|The bus on which Rosa Parks refused to give up her seat (above) is now displayed at the Henry Ford Museum.|
The museum building encompasses a large 12-acre space filled with hot rods, airplanes and immense locomotives. Despite the large selection of historical pieces, there are a few that are deemed crowd favorites.
First, families enjoy the Wienermobile, an Oscar Mayer hot dog-inspired car. With its bright mustard yellow and burnt orange coloring, the vehicle truly draws the crowd's attention.
The Wienermobile is the first car to be seen in the museum, but certainly isn't the last. Gift shop employee and self-acclaimed history buff, Adam Bragenzer, 17, enjoys the presidential limousines because of the history the cars represent.
Coworker Lori Ringo agreed, but also added that she enjoys the entire museum. Ringo said her favorite two pieces are the Kennedy Presidential Limousine and the Lincoln Chair, both of which their respective presidents were assassinated in, because both represent two great American Presidents.
Young friends and Henry Ford Museum members, Mackenzie, 8, and first-timer Brody, 6, also said they loved the museum. Mackenzie said her favorite exhibit was the dollhouses, while Brody enjoyed the "big black train," the 1941 Allegheny Locomotive, one of the largest steam trains ever built.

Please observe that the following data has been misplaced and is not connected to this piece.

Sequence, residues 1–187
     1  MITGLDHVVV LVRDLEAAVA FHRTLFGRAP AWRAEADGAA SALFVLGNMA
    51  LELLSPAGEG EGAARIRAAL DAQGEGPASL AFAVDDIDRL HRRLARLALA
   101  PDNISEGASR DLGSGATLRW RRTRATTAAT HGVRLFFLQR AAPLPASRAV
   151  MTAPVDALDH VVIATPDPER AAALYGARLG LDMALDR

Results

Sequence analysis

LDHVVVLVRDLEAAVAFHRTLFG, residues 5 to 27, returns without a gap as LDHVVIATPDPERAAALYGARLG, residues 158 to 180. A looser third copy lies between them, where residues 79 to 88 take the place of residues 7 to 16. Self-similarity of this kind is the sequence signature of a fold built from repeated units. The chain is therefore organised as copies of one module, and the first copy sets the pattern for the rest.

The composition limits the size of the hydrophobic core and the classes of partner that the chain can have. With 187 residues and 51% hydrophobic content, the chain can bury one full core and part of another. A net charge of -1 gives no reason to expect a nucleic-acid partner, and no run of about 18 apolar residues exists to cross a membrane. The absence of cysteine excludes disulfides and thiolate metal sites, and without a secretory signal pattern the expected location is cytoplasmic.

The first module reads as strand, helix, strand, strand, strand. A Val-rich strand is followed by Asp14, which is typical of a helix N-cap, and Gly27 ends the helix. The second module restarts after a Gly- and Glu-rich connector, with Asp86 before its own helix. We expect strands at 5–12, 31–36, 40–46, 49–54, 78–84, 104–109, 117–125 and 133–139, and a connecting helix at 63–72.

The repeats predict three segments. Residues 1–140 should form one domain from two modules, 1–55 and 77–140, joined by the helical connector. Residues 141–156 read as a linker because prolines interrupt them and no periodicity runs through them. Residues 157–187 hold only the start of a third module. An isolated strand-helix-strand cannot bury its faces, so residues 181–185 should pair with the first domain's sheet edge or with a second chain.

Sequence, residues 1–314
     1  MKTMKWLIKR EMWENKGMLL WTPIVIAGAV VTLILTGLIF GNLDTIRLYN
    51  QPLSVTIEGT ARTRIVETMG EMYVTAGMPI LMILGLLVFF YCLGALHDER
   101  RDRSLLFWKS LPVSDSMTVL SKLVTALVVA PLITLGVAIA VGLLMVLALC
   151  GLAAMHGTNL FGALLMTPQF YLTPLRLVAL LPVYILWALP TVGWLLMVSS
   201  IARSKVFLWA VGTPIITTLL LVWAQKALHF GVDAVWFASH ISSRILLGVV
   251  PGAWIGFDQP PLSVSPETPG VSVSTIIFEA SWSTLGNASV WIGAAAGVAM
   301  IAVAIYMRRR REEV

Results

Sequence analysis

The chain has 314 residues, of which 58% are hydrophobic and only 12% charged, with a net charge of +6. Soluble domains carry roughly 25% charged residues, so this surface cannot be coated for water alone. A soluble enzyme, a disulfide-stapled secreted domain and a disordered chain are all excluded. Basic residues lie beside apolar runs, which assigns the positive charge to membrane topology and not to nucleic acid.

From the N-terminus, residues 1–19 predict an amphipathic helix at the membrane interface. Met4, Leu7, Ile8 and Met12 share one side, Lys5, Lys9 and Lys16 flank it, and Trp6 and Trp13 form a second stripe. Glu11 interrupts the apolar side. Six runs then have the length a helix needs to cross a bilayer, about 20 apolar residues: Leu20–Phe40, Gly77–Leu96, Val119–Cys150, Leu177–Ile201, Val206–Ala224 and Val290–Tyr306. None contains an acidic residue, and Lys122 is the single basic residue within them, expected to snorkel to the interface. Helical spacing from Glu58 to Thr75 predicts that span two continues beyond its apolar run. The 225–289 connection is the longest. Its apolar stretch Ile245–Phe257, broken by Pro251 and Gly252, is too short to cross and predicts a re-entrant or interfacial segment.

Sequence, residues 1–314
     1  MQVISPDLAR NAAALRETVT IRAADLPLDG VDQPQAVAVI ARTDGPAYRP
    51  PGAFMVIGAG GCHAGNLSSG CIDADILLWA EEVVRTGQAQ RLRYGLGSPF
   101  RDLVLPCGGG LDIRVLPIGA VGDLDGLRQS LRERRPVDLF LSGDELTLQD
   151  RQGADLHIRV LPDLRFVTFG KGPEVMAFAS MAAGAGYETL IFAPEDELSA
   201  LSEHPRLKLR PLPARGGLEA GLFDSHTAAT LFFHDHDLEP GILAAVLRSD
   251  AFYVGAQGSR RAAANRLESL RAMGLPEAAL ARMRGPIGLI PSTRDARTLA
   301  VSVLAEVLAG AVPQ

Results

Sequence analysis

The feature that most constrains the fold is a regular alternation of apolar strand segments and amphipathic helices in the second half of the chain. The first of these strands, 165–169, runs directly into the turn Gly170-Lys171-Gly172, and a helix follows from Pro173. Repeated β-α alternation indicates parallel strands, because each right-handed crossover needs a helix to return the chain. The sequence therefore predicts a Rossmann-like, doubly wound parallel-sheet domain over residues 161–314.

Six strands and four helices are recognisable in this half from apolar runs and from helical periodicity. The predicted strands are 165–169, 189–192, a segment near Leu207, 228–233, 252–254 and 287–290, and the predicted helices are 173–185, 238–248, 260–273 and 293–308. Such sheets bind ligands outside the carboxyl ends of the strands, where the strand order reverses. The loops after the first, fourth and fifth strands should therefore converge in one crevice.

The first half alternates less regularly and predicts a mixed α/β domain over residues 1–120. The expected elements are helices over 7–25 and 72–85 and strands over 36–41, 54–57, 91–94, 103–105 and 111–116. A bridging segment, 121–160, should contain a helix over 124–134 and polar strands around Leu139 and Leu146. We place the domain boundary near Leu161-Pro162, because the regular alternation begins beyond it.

|Former U.S. President Abraham Lincoln was assasinated in 1865 in this chair (right) at Ford's Theather in Washington D.C.|
The museum is also famous for having the historic Rosa Parks bus, where Rosa Parks refused to succumb to the bus's racially-segregated seating on December 1, 1955 in Montgomery. Alabama.
The Henry Ford Museum offers fun for the whole family with the amount of exhibits it has to explore, from the road to the air.
Admission is $17 for adults, $12.50 for 12-and-under, and 15 for seniors 62-and-up.
— Mallory Estepp is an Intern for The Arab American News